New peptide system for the targeted transport of molecules

In recent years, biomedicine and pharmacology have developed a large number of active substances capable of triggering, enhancing or inhibiting processes in mammalian cells. However, transporting these substances to exactly where they are needed remains a challenge in many cases.

The situation is similar when it comes to color marking certain structures inside cells for research or diagnostic purposes. It is true that mammalian cells have the ability to incorporate foreign substances by endocytosis. But this in no way guarantees transport to the desired site of action.

A new research approach that the biochemist from Bayreuth, Prof. Dr. Birte Höcker pursues with his research group is the rational design of peptides. These must be able to penetrate the interior of the cell from the outside and take with them active substances or attached dye molecules. Appropriate peptides for this purpose are rather small as they usually consist of less than 30 amino acids.

Until now, however, the problem was that these peptides – precisely because of their simplicity and small size – did not offer many possible applications. Indeed, there are only a few areas in the various structures inside the cell where they can anchor and deliver the molecules they carry. This drawback was overcome by the peptide developed in Bayreuth and Bristol. It is a basic peptide with a high content of arginine amino acids, and it has two essential components for its functionality. One allows the peptide to enter inside the cell and the other is able to interact with an acidic partner peptide.

This partner peptide is such that it can be placed in very different places inside the cell using established biochemical methods. Once proteins, larger molecular complexes, or organelles have been tagged with the partner peptide, they can be targeted by the base peptide that has entered the cell. Like a key in a lock, the basic peptide locks onto the acid peptide. Targeted placement of the acidic partner peptide is achieved by coupling it with molecules which are in turn introduced into the cell’s DNA by transfection.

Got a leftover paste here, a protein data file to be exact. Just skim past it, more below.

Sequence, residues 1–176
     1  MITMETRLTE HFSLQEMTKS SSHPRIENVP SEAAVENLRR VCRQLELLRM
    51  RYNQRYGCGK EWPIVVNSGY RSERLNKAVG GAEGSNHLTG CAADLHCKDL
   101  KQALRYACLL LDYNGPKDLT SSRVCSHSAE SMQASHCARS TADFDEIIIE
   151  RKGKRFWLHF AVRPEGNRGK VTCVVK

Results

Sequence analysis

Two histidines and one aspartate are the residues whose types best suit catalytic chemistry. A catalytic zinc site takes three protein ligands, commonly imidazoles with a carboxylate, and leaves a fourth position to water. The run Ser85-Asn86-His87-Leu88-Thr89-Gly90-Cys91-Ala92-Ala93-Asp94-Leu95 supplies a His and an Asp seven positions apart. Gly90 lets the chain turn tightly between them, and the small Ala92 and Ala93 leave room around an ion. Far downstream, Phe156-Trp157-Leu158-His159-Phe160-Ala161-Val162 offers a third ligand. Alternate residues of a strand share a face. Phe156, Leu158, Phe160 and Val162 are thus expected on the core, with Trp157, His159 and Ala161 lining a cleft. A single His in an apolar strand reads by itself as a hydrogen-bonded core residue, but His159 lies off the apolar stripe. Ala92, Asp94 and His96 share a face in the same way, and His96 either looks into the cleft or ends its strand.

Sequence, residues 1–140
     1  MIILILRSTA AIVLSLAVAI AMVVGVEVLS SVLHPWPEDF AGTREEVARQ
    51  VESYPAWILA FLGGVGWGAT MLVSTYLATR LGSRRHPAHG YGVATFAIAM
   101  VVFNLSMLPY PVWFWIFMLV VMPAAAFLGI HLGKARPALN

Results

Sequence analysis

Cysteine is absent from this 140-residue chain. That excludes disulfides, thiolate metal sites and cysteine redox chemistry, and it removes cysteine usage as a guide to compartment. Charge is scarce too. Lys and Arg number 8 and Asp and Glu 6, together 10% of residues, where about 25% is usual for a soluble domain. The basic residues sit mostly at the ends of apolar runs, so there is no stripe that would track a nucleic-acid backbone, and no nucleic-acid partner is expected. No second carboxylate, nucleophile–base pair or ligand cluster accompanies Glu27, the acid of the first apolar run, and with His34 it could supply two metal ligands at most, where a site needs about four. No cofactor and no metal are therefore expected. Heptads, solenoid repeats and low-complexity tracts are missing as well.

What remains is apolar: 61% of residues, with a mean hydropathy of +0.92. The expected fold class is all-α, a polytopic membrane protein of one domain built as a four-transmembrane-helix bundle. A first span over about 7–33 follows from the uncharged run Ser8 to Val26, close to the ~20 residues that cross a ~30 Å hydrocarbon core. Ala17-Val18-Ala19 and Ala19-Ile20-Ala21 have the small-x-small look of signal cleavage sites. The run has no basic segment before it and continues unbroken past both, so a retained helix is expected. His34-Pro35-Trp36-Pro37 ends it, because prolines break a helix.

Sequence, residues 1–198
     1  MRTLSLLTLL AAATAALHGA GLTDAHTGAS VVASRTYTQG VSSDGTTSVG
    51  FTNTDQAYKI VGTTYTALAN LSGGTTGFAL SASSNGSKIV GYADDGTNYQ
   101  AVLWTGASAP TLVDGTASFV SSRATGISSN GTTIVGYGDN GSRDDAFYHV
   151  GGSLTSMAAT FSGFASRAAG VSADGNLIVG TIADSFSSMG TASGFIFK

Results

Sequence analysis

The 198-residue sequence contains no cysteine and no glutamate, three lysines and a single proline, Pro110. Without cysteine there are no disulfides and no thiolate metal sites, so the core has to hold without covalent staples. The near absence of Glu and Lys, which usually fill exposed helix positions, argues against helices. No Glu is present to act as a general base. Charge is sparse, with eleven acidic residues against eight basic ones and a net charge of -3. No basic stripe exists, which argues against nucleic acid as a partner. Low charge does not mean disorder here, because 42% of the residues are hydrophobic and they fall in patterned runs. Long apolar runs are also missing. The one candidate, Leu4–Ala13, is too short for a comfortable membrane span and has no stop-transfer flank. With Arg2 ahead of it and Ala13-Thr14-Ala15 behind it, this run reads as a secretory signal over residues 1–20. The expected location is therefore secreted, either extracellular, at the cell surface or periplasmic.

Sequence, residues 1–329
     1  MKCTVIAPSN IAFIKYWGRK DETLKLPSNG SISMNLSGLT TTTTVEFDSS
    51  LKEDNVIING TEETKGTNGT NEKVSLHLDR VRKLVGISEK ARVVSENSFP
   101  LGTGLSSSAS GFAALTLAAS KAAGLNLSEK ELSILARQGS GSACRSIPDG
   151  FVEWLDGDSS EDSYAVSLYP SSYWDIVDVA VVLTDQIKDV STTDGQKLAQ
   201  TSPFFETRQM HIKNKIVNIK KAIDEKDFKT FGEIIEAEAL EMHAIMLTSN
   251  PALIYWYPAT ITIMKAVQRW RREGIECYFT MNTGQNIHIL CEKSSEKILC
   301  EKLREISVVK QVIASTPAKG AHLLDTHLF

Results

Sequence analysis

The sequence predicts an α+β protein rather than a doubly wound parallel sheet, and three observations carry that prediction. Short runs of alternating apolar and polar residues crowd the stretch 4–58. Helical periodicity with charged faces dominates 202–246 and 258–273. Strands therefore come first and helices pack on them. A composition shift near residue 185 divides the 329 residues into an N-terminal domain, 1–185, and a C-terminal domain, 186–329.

The Anglo-German research team designed the two hitherto unknown de novo peptides using computer-aided protein design methods. The basis of this work was peptides with a coiled structure, which were described in a structure database. The computer-designed peptides were then synthesized in the lab. Here, biophysical methods and X-ray crystallography were used to identify the actual properties and behavior of the peptides. experiences with E.coli bacteria and eukaryotic cells revealed that the new peptide system is even suitable for transporting other peptides and proteins.

“Our research illustrates how the computational design of peptides and proteins, their subsequent synthesis and characterization in the laboratory, and live cell testing can intertwine when innovative solutions for biochemical or biomedical questions are sought,” says Professor Dr. Birte. Höcker, head of the Protein Design Group at the University of Bayreuth and corresponding author of the new study. “The new peptide system clearly shows that de novo design is a promising research approach in the search for methods to introduce drug or dye molecules into mammalian cells in a targeted and gentle way,” adds Dr. Guto Rhys, postdoctoral fellow at the Protein Design research group and l one of the first three authors.

Reference: Rhys GG, Cross JA, Dawson WM, et al. De novo engineered peptides for cellular delivery and subcellular localization. Nat Chem Bio. 2022. doi: 10.1038/s41589-022-01076-6.

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